Multiple Approaches for the Investigation of Bacterial Small Regulatory RNAs Self-assembly

  • Christophe Lavelle
  • Florent Busi
  • Véronique Arluison
Part of the Methods in Molecular Biology book series (MIMB, volume 1297)

Abstract

RNAs are flexible molecules involved in a multitude of roles in the cell. Specifically, noncoding RNAs (i.e., RNAs that do not encode a protein) have important functions in the regulation of biological processes such as RNA decay, translation, or protein translocation. In bacteria, most of those noncoding RNAs have been shown to be critical for posttranscriptional control through their binding to the untranslated regions of target mRNAs. Recent evidence shows that some of these noncoding RNAs have the propensity to self-assemble in prokaryotes. Although the function of this self-assembly is not known and may vary from one RNA to another, it offers new insights into riboregulation pathways. We present here the various approaches that can be used for the detection and analysis of bacterial small noncoding RNA self-assemblies.

Key words

Small noncoding RNA Posttranscriptional control Nucleic acid self-assembly RNA nanostructure 

Abbreviations

AFM

Atomic force microscopy

bp

Base pair

FTIR

Fourier transform infrared spectroscopy

ncRNA

Noncoding RNA

nt

Nucleotide

PAGE

Polyacrylamide gel electrophoresis

RNAP

RNA polymerase

ss/ds RNA

Single- or double-stranded RNA

sRNA

Small regulatory RNA

TEM

Transmission electron microscopy

Tm

Melting temperature

Notes

Acknowledgements

This work was supported by the CNRS, CEA, and University Paris Diderot. We are particularly grateful to B. Cayrol (Leon Brillouin and AGAP Labs.), F. Geinguenaud (U. Paris 13), J. Teixeira (Leon Brillouin Lab), Olivier Piétrement (Gustave Roussy Institute and U. Paris 11), G. Wegrzyn (U. of Gdansk, Poland), Anthony Bugaut (National Museum of Natural History, Paris), and N. Linder (U. of Cergy-Pontoise) for their help in preparing this manuscript or for its critical reading.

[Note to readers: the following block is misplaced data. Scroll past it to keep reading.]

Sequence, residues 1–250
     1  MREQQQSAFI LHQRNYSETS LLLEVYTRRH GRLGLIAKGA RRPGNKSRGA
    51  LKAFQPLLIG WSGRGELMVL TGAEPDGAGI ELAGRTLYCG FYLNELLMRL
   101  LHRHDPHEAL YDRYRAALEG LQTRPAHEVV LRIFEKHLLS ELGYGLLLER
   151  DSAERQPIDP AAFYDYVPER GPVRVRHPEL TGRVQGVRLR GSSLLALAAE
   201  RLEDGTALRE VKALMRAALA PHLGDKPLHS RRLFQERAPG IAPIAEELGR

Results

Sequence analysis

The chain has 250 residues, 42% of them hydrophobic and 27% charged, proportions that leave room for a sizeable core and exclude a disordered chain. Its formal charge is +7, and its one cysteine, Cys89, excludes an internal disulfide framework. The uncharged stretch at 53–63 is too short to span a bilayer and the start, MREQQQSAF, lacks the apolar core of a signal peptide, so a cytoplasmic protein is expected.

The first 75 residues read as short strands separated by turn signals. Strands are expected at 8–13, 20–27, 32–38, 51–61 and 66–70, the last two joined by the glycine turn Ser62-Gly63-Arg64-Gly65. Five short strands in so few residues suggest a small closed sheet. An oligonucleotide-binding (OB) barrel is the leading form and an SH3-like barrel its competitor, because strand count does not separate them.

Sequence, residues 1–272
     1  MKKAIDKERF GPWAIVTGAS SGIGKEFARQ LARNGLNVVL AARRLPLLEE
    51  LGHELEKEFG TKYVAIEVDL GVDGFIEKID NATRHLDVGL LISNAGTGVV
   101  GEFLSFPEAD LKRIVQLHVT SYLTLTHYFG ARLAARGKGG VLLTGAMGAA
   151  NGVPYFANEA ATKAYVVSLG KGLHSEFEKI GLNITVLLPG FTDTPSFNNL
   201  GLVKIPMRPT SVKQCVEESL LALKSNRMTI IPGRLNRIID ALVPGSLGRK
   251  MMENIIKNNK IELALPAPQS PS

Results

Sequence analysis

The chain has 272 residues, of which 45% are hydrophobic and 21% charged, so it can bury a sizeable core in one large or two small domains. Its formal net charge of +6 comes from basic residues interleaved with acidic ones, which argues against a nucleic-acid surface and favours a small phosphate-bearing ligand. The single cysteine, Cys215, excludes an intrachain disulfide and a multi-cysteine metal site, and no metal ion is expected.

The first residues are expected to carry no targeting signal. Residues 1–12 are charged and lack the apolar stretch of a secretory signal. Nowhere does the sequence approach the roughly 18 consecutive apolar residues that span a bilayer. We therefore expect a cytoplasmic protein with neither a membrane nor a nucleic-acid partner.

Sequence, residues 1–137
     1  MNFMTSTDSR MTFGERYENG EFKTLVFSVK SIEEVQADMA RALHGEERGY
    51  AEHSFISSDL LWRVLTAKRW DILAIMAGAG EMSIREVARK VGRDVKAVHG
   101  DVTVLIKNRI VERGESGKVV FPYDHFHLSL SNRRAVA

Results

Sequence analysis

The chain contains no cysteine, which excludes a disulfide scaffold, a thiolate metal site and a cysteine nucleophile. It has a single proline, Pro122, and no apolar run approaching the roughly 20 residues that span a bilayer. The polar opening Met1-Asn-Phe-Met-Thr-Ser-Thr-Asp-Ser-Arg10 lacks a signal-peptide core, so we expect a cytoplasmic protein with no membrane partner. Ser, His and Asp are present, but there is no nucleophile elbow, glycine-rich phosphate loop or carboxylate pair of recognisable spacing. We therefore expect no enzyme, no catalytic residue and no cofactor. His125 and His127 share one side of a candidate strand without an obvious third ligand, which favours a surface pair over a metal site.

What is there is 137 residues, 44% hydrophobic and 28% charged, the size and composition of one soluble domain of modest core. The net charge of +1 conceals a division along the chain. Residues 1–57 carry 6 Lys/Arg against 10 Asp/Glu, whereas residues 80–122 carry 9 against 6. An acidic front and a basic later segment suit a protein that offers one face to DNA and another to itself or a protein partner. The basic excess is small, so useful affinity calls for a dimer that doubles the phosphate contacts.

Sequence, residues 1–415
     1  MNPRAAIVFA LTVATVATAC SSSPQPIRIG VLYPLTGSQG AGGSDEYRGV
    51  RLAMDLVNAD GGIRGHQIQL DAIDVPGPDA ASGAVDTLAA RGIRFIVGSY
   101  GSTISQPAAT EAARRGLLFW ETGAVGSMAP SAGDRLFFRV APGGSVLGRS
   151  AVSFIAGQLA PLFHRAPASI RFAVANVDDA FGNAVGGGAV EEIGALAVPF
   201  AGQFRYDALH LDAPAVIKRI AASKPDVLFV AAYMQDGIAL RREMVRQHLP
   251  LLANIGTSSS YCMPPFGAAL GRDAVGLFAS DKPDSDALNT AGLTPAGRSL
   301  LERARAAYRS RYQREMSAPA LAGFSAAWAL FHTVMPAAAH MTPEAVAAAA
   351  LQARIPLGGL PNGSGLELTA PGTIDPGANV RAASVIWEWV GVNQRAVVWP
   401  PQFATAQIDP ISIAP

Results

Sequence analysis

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Copyright information

© Springer Science+Business Media New York 2015

Authors and Affiliations

  • Christophe Lavelle
    • 1
    • 2
  • Florent Busi
    • 3
    • 4
  • Véronique Arluison
    • 2
    • 3
    • 5
  1. 1.National Museum of Natural HistoryCNRS UMR7196/INSERM U1154ParisFrance
  2. 2.Nuclear Architecture and DynamicsCNRS GDR3536ParisFrance
  3. 3.Univ Paris Diderot-Paris 7ParisFrance
  4. 4.Unité de Biologie Fonctionnelle et Adaptative (BFA), UMR 8251, CNRSParisFrance
  5. 5.Laboratoire Léon BrillouinUMR12 CEA/CNRS, CEA—Centre de SaclayGif-sur-Yvette CedexFrance

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